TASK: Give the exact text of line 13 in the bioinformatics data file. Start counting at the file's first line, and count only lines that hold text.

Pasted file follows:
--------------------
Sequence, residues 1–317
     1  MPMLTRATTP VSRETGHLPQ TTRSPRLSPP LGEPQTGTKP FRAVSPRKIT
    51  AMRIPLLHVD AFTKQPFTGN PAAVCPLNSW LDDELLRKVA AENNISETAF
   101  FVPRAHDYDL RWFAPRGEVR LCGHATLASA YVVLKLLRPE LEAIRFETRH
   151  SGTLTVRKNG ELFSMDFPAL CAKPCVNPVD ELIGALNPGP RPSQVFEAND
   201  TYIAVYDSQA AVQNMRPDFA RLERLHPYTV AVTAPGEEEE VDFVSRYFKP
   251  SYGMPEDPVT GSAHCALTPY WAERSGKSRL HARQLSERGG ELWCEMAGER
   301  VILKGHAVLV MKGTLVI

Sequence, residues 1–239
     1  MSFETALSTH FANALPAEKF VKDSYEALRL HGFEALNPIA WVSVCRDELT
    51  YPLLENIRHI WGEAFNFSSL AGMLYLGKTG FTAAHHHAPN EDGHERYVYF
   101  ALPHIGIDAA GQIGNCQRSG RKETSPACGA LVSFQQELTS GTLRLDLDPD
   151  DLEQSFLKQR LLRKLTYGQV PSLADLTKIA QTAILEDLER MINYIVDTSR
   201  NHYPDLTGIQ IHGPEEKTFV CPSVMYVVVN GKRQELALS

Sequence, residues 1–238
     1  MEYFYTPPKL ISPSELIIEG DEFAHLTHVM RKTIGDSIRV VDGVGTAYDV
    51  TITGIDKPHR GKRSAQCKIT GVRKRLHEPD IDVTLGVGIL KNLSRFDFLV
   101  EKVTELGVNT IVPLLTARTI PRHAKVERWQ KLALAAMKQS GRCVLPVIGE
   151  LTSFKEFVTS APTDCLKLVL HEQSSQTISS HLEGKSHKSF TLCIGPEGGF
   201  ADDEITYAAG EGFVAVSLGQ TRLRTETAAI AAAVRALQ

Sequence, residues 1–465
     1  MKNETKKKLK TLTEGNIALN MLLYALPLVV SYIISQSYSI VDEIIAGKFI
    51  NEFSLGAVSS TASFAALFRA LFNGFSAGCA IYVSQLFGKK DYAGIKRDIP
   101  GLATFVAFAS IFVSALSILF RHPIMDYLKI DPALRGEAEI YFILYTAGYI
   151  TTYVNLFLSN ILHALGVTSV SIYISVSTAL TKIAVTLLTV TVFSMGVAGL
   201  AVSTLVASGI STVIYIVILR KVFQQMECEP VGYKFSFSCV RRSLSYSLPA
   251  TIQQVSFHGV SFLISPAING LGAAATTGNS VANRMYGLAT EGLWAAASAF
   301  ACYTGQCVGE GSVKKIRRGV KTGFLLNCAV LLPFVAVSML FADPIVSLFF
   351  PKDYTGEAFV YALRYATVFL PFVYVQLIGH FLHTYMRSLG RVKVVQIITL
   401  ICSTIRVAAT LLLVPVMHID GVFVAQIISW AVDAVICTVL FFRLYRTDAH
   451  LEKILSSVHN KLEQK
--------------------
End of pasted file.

   151  DLEQSFLKQR LLRKLTYGQV PSLADLTKIA QTAILEDLER MINYIVDTSR